During the experiments, the incidence of E. amylovora constantly increased on non-inoculated control flowers (Fig. 2). The ratio of secondary infection was determined as the percentage of non-inoculated flowers harbouring an endophytic E. amylovora population. At the end of the trials, 10% and 27% of non-inoculated flowers had become infected after the foraging activity of honeybees trained on inoculated and non-inoculated plants, respectively. All the sampled inoculated flowers were contaminated, with an average population of 10(6.8 ± 1.0) CFU per flower. Approximately 80% of them hosted an endophytic E. amylovora population during the whole experiment.
Sensorial and nutritional determinants of attraction
Having observed a preference of honeybee for non-inoculated flowers, we investigated the relative importance of sensorial cues and nutritional rewards in driving their foraging behaviour.
At the time of the experiments, visible symptoms of fire blight had not appeared yet either on flowers or on other tissues. Apple flowers were characterized by five completely white petals (Supplementary Information 1b). Generally, green sepals were visible among petals. Microscope observation under visible/UV light of whole flowers confirmed the similarity in shape, size and colour between control or inoculated flowers (Supplementary Information 1c). Blind choice test, performed with covered flowering branches, confirmed that non-trained honeybees were more attracted to control (with over 60% of preference) than to inoculated flowers even in absence of visual cues (Fig. 3).
No significant differences emerged between sugar contents in control and inoculated flowers. Only malic acid showed a slight (approx. 20%) reduction in infected samples (Supplementary Information 1d). Both control and inoculated flowers produced similar amounts of pollen (49.8 ± 6.8 and 50.4 ± 8.4 mg g−1 of fresh anther tissue, respectively).
VOC composition of flower blends
Since visual/UV cues or nutritional rewards could not allow the discrimination of inoculated from control flowers, nor explain honeybee preference, flower VOC emissions were characterised by GC-MS.
In a first step, SPME sampling allowed to identify 93 compounds. The differences between control and inoculated flowers were mainly quantitative, since no compounds were exclusive to either inoculated or control flowers (Fig. 4 and Supplementary Information 2). 1-penten-3-ol and 3-(E)-hexen-1-ol showed a significantly higher emission from inoculated flowers.
To substantiate these findings, GC-MS analysis was repeated after semi-quantitative CLSA sampling (Fig. 4 and Supplementary Information 2), and the results were analysed by PLS-DA. The overall VOC profiles showed an inoculation-dependent distribution on the first principal component of variance (Fig. 5). The inoculated samples were characterised by several sesquiterpenes (farnesene isomers, curcumene, copaene) and methyl salicylate, while control flowers were characterised by a slight prevalence of phenolic compounds (such as benzaldehyde, acetonitrile and benzyl alcohol), aldehydes (nonanal, decanal) and (Z)-jasmone (Fig. 5b).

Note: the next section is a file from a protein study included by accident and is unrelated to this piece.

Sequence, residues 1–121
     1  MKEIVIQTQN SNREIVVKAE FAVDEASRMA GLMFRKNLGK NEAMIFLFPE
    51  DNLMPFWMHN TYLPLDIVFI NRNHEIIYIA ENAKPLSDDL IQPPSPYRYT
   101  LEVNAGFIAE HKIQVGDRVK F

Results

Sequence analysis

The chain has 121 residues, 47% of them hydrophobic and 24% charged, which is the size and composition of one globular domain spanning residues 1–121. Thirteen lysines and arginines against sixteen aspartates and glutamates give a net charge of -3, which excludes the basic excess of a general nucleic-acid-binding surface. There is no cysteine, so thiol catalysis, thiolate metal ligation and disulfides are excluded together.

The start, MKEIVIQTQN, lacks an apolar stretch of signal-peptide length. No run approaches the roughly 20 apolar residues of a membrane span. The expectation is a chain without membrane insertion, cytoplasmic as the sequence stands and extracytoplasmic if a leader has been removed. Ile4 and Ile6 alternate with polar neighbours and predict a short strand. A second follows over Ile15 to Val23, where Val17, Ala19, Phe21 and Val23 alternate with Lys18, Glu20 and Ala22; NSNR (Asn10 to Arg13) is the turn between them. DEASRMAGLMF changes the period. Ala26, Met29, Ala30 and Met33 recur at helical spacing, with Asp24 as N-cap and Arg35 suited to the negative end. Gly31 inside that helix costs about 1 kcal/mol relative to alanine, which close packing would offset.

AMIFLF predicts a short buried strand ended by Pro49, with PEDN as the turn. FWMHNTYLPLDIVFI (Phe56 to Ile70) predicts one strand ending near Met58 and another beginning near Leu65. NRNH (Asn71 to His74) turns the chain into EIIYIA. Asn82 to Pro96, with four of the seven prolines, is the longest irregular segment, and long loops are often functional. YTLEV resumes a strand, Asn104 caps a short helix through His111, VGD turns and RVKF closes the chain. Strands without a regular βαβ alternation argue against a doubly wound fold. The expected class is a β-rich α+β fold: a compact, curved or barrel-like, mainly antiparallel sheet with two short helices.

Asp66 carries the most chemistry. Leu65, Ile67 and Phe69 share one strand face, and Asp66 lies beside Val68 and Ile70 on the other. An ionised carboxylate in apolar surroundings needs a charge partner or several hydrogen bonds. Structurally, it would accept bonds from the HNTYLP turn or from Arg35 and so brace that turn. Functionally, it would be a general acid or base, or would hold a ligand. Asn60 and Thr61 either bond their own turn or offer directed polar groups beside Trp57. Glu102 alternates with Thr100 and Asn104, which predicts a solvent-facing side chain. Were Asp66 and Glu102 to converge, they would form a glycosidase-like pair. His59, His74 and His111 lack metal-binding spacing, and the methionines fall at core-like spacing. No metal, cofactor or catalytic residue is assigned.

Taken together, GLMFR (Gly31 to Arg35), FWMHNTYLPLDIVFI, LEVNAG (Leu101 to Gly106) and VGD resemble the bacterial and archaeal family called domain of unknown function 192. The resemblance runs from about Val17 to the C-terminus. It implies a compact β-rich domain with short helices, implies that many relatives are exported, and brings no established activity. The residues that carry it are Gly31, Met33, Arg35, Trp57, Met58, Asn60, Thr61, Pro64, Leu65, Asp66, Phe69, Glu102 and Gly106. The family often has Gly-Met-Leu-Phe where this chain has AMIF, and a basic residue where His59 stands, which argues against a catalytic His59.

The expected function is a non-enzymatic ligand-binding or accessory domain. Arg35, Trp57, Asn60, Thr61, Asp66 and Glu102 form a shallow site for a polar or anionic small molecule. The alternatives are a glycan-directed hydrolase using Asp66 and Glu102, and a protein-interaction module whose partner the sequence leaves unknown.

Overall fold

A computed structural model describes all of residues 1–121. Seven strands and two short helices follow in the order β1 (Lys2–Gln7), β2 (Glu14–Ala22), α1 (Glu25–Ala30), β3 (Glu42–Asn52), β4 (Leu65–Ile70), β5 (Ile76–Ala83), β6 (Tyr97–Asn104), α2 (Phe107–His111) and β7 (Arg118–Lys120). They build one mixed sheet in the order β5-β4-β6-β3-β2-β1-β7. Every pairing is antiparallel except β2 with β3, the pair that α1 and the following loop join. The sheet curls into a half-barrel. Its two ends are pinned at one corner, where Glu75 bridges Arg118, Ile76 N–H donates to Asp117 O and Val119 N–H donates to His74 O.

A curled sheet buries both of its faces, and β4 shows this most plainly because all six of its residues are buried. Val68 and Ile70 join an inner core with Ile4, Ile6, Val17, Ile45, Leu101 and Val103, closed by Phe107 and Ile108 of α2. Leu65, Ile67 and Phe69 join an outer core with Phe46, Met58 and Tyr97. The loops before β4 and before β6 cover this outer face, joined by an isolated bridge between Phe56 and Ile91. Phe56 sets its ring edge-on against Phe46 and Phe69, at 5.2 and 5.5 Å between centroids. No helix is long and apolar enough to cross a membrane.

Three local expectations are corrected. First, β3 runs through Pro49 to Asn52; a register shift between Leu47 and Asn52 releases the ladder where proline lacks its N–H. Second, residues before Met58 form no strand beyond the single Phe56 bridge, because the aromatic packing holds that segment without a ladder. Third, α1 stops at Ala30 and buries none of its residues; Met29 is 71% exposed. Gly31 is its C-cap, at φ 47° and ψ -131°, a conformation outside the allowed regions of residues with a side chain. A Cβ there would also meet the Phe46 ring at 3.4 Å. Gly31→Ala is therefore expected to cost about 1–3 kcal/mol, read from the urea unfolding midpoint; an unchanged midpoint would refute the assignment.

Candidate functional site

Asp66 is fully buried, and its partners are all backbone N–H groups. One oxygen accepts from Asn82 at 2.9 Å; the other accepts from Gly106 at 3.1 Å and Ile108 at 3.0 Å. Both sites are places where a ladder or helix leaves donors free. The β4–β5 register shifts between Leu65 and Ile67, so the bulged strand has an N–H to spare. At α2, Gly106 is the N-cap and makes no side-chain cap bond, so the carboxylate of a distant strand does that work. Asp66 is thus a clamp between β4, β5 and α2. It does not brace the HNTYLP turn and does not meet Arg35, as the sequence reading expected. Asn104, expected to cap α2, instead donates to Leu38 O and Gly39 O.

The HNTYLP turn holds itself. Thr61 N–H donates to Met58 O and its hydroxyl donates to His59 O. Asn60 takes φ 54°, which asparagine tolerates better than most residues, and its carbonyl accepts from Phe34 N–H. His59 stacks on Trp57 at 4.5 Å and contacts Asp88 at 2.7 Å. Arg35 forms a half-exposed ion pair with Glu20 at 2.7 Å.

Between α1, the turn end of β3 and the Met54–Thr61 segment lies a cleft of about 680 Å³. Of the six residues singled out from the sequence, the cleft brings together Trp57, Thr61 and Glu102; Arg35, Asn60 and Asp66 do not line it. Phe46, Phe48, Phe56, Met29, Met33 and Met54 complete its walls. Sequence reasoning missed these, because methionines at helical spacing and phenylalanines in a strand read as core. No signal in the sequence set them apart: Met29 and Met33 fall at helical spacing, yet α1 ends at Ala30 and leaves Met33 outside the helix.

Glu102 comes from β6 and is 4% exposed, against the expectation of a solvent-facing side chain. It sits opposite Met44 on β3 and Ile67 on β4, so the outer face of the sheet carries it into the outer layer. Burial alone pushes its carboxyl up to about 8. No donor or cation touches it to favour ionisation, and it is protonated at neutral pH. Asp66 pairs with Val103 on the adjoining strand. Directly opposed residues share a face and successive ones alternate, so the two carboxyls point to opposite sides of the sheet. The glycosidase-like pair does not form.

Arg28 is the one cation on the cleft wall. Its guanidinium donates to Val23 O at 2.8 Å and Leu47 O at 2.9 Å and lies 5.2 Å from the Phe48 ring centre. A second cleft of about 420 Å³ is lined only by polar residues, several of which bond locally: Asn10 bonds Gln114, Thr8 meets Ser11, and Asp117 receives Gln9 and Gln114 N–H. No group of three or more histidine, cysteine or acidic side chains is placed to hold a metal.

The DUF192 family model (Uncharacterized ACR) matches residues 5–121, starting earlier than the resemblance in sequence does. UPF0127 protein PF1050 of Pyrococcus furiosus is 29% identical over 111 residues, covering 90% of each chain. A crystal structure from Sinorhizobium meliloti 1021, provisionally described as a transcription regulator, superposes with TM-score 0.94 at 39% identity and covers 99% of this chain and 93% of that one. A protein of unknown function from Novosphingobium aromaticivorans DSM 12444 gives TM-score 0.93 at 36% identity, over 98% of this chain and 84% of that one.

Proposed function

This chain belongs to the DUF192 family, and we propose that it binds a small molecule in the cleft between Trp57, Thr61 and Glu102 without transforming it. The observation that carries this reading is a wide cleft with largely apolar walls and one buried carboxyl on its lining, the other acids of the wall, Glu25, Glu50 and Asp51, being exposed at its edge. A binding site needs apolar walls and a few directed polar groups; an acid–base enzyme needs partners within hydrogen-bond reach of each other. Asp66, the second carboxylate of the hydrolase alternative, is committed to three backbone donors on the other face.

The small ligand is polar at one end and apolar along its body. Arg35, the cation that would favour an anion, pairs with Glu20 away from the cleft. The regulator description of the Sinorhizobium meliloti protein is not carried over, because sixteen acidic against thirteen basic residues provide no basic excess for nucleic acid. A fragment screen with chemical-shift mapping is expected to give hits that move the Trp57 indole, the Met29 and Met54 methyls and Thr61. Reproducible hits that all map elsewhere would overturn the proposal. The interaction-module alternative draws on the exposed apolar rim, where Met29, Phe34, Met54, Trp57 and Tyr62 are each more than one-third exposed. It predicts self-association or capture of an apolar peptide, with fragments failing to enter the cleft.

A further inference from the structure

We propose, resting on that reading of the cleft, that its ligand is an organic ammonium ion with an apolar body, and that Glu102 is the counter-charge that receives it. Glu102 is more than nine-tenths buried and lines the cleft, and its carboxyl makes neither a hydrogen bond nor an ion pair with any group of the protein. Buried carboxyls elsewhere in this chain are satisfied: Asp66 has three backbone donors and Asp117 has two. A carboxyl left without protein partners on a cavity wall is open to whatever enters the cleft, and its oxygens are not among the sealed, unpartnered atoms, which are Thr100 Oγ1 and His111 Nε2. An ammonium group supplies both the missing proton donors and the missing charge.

Influence of inoculation on honeybee foraging behaviour
In addition to long-known functions in the interaction between plants and insects , the involvement of VOCs in plant communication with symbionts and defence against pathogens has emerged [30, 31, 48]. Many pollinator-vectored pathogens have been described previously , but only few of them are bacterial pathogens, mainly belonging to the genus Erwinia. In addition, the influence of VOC changes induced by pathogen infection on pollinators’ behaviour was investigated only for two highly specialised fungal pathogens [10,11,12,13].
Using three independent experimental procedures, we tested whether flower infection by E. amylovora would increase honeybee visit rates on apple flowers. In contrast to our experimental hypothesis, a preference of honeybees for control over inoculated flowers emerged, since visits on control plants were more frequent and non-inoculated flowers presented a higher incidence of the marker bacterium (P. agglomerans P10c), delivered by the insects. Although pollen production was not affected by the pathogen, E. amylovora was detected in the collected pollen only during training (Table 1), further confirming that pollen was almost exclusively harvested from control flowers.
Training the bees over infected plants further increased their preference for control flowers. In fact, bees trained on inoculated flowers increasingly shifted to control flowers, while bees trained on control flowers visited inoculated ones with a lower, but steady frequency. This observation suggests that a learning process may contribute to the avoidance of infected flowers.
During the experiment, as a result of secondary bacterial spread, a significant share of the non-inoculated flowers became endophytically infected with E. amylovora (Fig. 2). This may have caused, in principle, a reduced discrimination by foraging bees between experimentally inoculated and secondarily infected control flowers. However, such reduction did not occur, while a steadily increasing preference for non-inoculated blossoms was observed. This observation suggests that repulsive effects would grow in intensity with the progression of bacterial infection, i.e. recently infected flowers, harbouring a lower pathogen load, would be less repulsive than those at later infection stages.
Determinants of honeybee foraging preferences